Facebook 100 Books

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I’m sure you’ve seen the Facebook viral status that asks users to list the top ten books that influenced them. Facebook analyzed the data to compile 100 books that have stayed with us. And there has been a lot of media coverage since then. I thought this one about whether people compiled their lists honestly was interesting. But I loved Jenni Elyse’s idea to post the list and note which ones she has read. So, I’m jumping on her meme bandwagon and doing the same. (Formatting from this Entertainment Weekly article.)

I have read the books and series in red. I have read part of the books or series in blue. Enjoy!

  1. The Harry Potter series—J.K. Rowling (21.08%)
  2. To Kill a Mockingbird—Harper Lee (14.48%)
  3. The Lord of the Rings—JRR Tolkien (13.86%)
  4. The Hobbit—JRR Tolkien (7.48%)
  5. Pride and Prejudice—Jane Austen (7.28%)
  6. The Holy Bible (7.21%)
  7. The Hitchhiker’s Guide to the Galaxy—Douglas Adams (5.97%)
  8. The Hunger Games trilogy—Suzanne Collins (5.82%)
  9. The Catcher in the Rye—J.D. Salinger (5.70%)
  10. The Chronicles of Narnia—C.S. Lewis (5.63%)
  11. The Great Gatsby—F. Scott Fitzgerald (5.61%)
  12. 1984—George Orwell (5.37%)
  13. Little Women—Louisa May Alcott (5.26%)
  14. Jane Eyre—Charlotte Bronte (5.23%)
  15. The Stand—Stephen King (5.11%)
  16. Gone with the Wind—Margaret Mitchell (4.95%)
  17. A Wrinkle in Time—Madeleine L’Engle (4.38%)
  18. The Handmaid’s Tale—Margaret Atwood (4.27%)
  19. The Lion, the Witch, and the Wardrobe—C.S. Lewis (4.05%)
  20. The Alchemist—Paulo Coelho (4.01%)
  21. Anne of Green Gables—L.M. Montgomery (3.95%)
  22. The Giver—Lois Lowry (3.53%)
  23. The Kite Runner—Khaled Hosseini (3.67%)
  24. Ender’s Game—Orson Scott Card (3.53%)
  25. The Poisonwood Bible—Barbara Kingsolver (3.39%)
  26. Lord of the Flies—William Golding (3.38%)
  27. The Eye of the World—Robert Jordan (3.38%)
  28. The Book Thief—Markus Zusak (3.32%)
  29. Wuthering Heights—Emily Bronte (3.26%)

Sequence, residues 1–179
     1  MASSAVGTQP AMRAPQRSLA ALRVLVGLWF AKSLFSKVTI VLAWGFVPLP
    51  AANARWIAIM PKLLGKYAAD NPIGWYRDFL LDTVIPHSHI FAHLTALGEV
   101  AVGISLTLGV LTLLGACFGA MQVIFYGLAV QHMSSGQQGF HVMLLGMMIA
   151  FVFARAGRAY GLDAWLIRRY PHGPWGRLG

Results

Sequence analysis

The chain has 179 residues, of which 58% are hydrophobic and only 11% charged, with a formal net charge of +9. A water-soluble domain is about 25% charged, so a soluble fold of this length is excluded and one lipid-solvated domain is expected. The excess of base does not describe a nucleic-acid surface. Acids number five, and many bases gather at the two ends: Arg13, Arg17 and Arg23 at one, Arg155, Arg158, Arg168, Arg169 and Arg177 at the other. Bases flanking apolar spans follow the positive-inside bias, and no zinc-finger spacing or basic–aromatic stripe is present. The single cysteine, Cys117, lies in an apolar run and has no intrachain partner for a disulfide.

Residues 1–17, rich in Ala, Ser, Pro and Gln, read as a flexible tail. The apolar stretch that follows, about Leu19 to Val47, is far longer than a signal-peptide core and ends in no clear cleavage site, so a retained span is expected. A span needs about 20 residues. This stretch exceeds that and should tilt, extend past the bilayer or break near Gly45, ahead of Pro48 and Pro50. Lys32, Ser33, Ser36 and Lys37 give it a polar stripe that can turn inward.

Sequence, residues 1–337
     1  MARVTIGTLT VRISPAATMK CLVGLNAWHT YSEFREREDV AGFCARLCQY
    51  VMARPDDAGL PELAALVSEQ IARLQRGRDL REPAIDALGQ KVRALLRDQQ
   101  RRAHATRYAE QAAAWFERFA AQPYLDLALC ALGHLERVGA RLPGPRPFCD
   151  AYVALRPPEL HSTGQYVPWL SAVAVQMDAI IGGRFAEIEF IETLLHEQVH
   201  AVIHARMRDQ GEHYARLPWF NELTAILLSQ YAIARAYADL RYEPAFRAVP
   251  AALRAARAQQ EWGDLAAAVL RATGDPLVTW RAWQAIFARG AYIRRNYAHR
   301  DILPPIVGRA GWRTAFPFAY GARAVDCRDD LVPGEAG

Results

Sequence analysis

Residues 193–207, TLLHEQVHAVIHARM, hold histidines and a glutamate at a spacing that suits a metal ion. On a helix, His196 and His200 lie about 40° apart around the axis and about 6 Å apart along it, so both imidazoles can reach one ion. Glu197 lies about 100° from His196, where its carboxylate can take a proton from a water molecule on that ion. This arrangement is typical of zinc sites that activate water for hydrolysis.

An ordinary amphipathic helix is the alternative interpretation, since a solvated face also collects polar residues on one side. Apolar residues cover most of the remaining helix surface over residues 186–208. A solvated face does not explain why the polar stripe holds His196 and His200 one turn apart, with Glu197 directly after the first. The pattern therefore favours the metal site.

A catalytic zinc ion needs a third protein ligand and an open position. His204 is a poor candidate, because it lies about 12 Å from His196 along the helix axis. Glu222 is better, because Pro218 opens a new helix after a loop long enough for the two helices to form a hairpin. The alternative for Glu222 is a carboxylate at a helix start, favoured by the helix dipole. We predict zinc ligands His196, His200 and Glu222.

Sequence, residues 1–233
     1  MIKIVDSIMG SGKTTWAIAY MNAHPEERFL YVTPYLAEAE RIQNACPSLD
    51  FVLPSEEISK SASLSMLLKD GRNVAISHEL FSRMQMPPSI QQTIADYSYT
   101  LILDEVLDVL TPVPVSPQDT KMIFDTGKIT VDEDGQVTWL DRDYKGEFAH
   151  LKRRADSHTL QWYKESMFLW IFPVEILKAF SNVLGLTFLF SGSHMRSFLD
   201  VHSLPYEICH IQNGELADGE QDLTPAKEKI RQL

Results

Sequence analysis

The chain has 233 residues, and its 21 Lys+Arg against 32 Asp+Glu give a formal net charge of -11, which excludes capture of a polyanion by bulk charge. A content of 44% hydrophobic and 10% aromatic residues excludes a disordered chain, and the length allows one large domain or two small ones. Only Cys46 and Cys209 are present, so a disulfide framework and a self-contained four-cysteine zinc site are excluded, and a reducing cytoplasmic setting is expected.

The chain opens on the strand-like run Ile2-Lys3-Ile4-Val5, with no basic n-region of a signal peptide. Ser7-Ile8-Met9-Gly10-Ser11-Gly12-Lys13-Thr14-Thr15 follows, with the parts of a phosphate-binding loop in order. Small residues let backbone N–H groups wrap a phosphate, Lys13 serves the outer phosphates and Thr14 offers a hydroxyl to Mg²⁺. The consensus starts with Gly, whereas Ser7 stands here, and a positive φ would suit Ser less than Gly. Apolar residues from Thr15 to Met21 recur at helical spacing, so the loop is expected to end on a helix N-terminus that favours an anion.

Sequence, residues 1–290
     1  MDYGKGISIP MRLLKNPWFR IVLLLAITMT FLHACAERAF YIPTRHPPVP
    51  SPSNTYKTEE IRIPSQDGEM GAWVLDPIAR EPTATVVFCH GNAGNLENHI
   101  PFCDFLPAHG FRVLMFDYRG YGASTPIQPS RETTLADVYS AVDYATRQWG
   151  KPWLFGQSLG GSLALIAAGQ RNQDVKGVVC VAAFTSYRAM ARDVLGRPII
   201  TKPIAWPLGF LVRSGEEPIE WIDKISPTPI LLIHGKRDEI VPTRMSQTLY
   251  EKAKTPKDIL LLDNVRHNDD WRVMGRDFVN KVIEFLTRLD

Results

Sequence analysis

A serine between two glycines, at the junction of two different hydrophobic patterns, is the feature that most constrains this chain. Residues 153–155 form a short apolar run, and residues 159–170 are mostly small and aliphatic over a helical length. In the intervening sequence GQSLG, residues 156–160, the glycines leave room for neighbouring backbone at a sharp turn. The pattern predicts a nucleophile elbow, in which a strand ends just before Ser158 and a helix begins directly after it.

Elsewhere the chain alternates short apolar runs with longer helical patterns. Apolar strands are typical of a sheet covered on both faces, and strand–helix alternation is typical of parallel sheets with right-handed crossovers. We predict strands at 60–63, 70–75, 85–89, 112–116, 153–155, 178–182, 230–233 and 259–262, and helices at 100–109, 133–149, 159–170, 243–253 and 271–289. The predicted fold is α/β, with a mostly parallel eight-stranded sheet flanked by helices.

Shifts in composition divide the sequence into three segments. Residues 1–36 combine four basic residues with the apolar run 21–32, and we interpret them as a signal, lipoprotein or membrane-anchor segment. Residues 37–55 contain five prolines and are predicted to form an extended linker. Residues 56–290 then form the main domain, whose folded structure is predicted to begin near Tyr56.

30. Hamlet—William Shakespeare (3.22%)
  31. The Little Prince—Antoine de Saint-Exupery (3.21%)
  32. Sherlock Holmes—Sir Arthur Conan Doyle (3.15%)
  33. Fahrenheit 451—Ray Bradbury (3.15%)
  34. Animal Farm—George Orwell (3.12%)
  35. The Book of Mormon (3.08%)
  36. The Diary of Anne Frank—Anne Frank (3.05%)
  37. Dune—Frank Herbert (3.02%)
  38. One Hundred Years of Solitude—Gabriel Garcia Marquez (2.98%)
  39. The Autobiography of Malcolm X (2.83%)
  40. Of Mice and Men—John Steinbeck (2.78%)
  41. The Giving Tree—Shel Silverstein (2.72%)
  42. The Fault in Our Stars—John Green (2.68%)
  43. On the Road—Jack Kerouac (2.68%)
  44. Lamb—Christopher Moore (2.58%)
  45. Slaughterhouse-Five—Kurt Vonnegut (2.54%)
  46. A Prayer for Owen Meany—John Irving (2.53%)
  47. Good Omens—Neil Gaiman and Terry Pratchett (2.52%)
  48. The Help—Kathryn Stockett (2.45%)
  49. The Outsiders—S.E. Hinton (2.44%)
  50. American Gods—Neil Gaiman (2.42%)
  51. Where the Red Fern Grows—Wilson Rawls (2.41%)
  52. Stranger in a Strange Land—Robert Heinlein (2.39%)
  53. The Secret Garden—Frances Hodgson Burnett (2.38%)
  54. Little House on the Prairie—Laura Ingalls Wilder (2.35%)
  55. The Count of Monte Cristo—Alexandre Dumas (2.31%)
  56. The Pillars of the Earth—Ken Follett (2.31%)
  57. The Da Vinci Code—Dan Brown (2.29%)
  58. Brave New World—Aldous Huxley (2.24%)
  59. A Tale of Two Cities—Charles Dickens (2.21%)
  60. Les Miserables—Victor Hugo (2.21%)
  61. Great Expectations—Charles Dickens (2.16%)
  62. Night—Elie Wiesel (2.12%)
  63. The Dark Tower series—Stephen King (2.12%)
  64. Outlander—Diana Gabaldon (2.07%)
  65. The Color Purple—Alice Walker (1.92%)
  66. A Thousand Splendid Suns—Khaled Hosseini (1.89%)
  67. The Art of War—Sun Tzu (1.88%)
  68. Catch-22—Joseph Heller (1.85%)
  69. The Bell Jar—Sylvia Plath (1.85%)
  70. The Perks of Being a Wallflower—Stephen Chbosky (1.83%)
  71. The Old Man and the Sea—Ernest Hemingway (1.78%)
  72. Memoirs of a Geisha—Arthur Golden (1.76%)
  73. Tuesdays with Morrie—Mitch Albom (1.75%)
  74. The Road—Cormac McCarthy (1.73%)
  75. Watership Down—Richard Adams (1.72%)
  76. A Tree Grows in Brooklyn—Betty Smith (1.72%)
  77. Where the Sidewalk Ends—Shel Silverstein (1.68%)
  78. The Girl with the Dragon Tattoo—Stieg Larsson (1.65%)
  79. A Song of Ice and Fire—George R. R. Martin (1.65%)
  80. Are You There God? It’s Me, Margaret—Judy Blume (1.65%)
  81. Charlotte’s Web—E.B. White (1.64%)
  82. The Time Traveler’s Wife—Audrey Niffenegger (1.63%)
  83. Anna Karenina—Leo Tolstoy (1.62%)